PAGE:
Duncan Druce

Schelomo (‘Solomon’) grew from a project to set verses from the book of Ecclesiastes but Bloch later opted for a purely instrumental realisation. The cello takes on the king’s personality, meditating that ‘All is vanity’, the orchestra sometimes appearing to reflect these melancholy thoughts, at others portraying the barbaric splendour of Solomon’s court. Natalie Clein’s performance concentrates, most affectingly, on the atmosphere of deep introspection. Other cellists, Piatigorsky, for instance, have projected a more painful intensity but Clein’s is thoughtful, subtle and satisfying, well supported by the passionate and spirited BBC Scottish SO.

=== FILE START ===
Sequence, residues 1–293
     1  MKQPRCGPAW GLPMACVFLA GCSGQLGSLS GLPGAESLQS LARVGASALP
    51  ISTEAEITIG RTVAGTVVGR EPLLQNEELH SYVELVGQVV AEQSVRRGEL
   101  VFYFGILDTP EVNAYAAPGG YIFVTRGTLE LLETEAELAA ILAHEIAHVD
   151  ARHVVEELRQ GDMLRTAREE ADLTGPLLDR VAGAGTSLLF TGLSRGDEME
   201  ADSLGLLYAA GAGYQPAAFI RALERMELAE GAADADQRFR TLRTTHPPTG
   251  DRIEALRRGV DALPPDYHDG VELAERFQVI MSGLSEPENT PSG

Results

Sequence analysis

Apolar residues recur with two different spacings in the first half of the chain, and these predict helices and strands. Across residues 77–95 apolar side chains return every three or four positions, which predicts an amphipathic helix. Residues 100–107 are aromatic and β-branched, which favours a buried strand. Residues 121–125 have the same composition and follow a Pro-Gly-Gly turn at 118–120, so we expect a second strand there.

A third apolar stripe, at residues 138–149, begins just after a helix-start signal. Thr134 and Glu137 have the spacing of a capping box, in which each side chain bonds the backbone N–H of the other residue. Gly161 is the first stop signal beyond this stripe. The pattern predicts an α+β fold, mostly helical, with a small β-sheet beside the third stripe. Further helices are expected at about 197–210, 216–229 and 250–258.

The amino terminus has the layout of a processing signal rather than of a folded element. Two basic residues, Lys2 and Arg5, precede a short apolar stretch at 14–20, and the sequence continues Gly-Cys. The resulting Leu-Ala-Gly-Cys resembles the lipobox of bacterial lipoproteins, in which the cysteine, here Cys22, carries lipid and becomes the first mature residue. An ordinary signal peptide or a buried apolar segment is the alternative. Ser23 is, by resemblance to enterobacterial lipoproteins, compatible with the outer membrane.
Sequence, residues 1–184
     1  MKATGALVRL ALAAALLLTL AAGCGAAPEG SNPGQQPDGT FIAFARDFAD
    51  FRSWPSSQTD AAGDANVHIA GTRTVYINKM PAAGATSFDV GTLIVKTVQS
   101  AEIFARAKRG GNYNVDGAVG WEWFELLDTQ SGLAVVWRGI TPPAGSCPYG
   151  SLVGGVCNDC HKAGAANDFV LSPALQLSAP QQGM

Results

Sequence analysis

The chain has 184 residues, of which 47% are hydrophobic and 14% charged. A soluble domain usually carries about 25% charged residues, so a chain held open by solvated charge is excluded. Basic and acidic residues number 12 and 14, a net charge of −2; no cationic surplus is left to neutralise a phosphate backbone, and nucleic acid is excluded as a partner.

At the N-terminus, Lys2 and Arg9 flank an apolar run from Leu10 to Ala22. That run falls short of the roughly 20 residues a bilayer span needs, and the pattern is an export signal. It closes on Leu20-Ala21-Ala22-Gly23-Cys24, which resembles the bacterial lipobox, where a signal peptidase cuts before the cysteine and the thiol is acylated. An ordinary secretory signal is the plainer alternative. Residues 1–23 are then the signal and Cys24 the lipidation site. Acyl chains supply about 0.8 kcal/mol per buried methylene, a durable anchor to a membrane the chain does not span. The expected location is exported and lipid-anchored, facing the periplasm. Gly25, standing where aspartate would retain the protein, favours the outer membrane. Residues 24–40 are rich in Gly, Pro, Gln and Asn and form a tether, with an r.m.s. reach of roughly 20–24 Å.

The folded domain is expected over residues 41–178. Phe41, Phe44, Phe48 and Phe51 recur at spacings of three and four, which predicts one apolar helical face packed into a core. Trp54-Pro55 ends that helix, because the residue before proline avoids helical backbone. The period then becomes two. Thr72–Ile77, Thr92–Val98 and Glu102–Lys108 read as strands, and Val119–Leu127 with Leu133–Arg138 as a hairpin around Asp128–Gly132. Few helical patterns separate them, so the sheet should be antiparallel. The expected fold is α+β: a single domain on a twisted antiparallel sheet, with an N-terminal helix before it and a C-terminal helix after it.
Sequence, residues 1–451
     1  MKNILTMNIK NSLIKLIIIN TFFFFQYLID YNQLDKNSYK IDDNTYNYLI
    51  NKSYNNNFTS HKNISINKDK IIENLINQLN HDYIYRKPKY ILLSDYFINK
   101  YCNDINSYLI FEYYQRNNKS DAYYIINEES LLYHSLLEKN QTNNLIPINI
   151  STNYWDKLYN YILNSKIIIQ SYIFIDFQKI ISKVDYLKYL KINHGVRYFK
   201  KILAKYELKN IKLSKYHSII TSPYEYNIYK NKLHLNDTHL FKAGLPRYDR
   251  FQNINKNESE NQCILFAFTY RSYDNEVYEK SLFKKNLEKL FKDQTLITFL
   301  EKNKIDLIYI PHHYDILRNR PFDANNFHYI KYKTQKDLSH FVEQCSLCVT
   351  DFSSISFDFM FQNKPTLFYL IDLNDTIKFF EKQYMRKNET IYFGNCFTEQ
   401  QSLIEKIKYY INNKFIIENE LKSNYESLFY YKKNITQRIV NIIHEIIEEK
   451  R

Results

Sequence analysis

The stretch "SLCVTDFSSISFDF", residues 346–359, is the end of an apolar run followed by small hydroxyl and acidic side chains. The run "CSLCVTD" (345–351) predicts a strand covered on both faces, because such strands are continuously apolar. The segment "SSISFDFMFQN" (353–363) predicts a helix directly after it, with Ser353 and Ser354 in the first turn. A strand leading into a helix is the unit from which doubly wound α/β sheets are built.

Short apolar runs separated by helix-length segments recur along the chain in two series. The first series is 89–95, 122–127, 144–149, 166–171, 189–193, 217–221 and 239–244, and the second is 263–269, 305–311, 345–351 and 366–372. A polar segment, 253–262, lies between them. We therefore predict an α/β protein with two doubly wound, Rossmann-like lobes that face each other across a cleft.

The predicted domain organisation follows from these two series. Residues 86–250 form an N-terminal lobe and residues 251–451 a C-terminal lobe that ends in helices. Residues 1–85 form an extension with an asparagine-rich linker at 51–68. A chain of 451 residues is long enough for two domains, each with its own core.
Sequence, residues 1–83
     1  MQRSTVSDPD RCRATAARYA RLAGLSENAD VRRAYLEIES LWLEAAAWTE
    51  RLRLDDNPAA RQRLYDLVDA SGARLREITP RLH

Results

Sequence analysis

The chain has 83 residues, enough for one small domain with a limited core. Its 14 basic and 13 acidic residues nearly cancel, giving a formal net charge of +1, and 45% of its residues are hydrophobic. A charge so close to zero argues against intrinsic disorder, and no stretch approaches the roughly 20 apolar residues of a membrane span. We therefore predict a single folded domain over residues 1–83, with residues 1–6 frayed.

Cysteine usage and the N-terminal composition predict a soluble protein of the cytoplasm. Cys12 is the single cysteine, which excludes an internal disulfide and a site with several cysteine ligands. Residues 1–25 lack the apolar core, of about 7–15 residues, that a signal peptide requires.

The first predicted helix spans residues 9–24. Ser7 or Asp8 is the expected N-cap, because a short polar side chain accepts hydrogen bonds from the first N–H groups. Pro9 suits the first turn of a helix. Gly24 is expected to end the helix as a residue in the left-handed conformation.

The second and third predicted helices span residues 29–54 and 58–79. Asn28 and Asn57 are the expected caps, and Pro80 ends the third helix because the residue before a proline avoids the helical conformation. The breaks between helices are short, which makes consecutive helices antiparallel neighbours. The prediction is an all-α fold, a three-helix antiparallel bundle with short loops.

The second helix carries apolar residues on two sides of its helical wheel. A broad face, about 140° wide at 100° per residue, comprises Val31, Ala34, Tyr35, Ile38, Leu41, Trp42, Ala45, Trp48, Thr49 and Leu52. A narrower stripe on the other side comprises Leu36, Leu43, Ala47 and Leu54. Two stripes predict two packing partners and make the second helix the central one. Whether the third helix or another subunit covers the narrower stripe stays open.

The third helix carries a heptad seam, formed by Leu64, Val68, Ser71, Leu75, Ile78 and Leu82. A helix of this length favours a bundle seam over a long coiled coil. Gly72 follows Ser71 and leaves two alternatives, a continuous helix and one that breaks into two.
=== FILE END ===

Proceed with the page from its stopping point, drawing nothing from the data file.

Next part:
Clein is highly sensitive to the emotional import of Bloch’s modal inflections; this enables her to find exactly the right character for each of the scenes From Jewish Life. Christopher Palmer’s arrangement for strings and harp of the original piano part is expertly done, although one misses the contrast of tone colour at the points where the piano takes over the melody. Voice in the Wilderness has a most original form. Each of its six sections is introduced by the orchestra, after which the cello enters to meditate on the ideas we’ve just heard. Natalie Clein encompasses all the work’s varied character and demands while retaining an air of polish in her playing. Her chords in the vigorous, energetic third section, for example, remain full and rounded, without appearing over-careful. The Bruch, too, receives a lovely performance, with Clein bringing out the different colour of each of the cello’s strings and the orchestra effecting most beautifully the transition from sombre to heavenly.